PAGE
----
I have been an iOS developer for quite some time now, and I am still using Xcode 4.2, because the new version is now only available for Lion. My problem is that after reading the reviews for Lion in the App Store, it looks like Windows ME would be a great OS compared to Lion.

I really would like to code for iOS 5.1 and above which you can only do with the new Xcode, but I really really don't want to upgrade to Lion. Is there any possible way to avoid this?.

I currently own a 17" MacBook Pro with a Core i5 at 2.53 GHz and 4 GB RAM it runs Snow Leopard great, but I am afraid it will have problems with Lion, not only because of the hardware, but because it seems to be full of bugs and is just slower overall.

I suppose I could install both Snow Leopard and Lion?. Any workaround is welcome.

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    Let me just say that Lion is not that bad; at least starting with 10.7.2. I was hesitant to upgrade to it, but it works fine for me now. If you look at the reviews most of the issues are PEBKAC or deal with real issues that were fixed by Apple since.
    – lupincho
    Apr 25, 2012 at 17:44
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    I second @lupincho's comment. I, as well, was very hesitant to upgrade, but I will say that I am very happy with the performance of it and I'd highly recommend it.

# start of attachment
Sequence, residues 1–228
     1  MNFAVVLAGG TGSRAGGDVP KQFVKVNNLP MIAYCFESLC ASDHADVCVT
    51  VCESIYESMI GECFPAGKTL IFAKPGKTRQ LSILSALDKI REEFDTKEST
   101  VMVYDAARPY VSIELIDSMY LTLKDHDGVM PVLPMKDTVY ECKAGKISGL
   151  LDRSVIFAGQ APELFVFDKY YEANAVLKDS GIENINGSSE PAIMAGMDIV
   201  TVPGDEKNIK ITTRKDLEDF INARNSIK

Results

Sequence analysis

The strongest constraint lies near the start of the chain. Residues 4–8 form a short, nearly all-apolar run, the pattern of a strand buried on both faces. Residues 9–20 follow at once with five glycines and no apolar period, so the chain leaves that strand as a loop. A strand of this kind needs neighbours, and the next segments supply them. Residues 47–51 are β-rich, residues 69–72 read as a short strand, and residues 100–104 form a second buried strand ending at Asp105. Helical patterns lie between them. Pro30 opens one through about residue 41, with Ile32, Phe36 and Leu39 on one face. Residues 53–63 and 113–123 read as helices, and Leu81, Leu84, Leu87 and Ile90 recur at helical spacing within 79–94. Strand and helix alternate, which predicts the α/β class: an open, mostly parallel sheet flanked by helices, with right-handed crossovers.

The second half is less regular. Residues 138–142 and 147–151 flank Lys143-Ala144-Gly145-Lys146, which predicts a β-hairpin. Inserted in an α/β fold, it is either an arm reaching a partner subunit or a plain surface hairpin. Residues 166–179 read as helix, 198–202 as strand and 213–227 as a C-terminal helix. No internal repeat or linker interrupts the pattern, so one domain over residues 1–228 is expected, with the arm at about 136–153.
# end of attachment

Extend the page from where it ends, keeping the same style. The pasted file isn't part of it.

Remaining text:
– daviesgeek
    Apr 25, 2012 at 18:35
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    You are silly not to install lion. I've had it from day one, no problems. It's definitely faster for me than snow leopard ever was. I have a slightly newer machine spec than you, but not tons better.
    – livingtech
    Apr 25, 2012 at 20:13
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    Well maybe it is not too bad then, hopefully... Apr 25, 2012 at 20:35
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    I have Lion on my laptop and I like it, but I'm not ready to upgrade my workstation to Lion as there are apps that don't work in Lion that I want to keep using. I'm using a VMware Fusion VM to run Lion on my workstation when I need it.
    – Old Pro
    Apr 29, 2012 at 17:59

3 Answers 3


You really can't. Unless you skip to Mountain Lion. It's one of the blessings and curses of being an Apple Developer and that is that you must stay current, or you're out of the game for both iOS and Mac Development.

To use the latest bells and whistles for the next OS releases, you are really going to be bound to Apple's software and hardware requirements for those tools, otherwise you will find yourself spending too much time hacking together your build tools, instead of making forward progress.


Get yourself a copy of VMware Fusion and run your various development OS virtually. As a developer this is a critical step to ensure you have the ability to support older and newer OS without needing dedicated hardware for each image.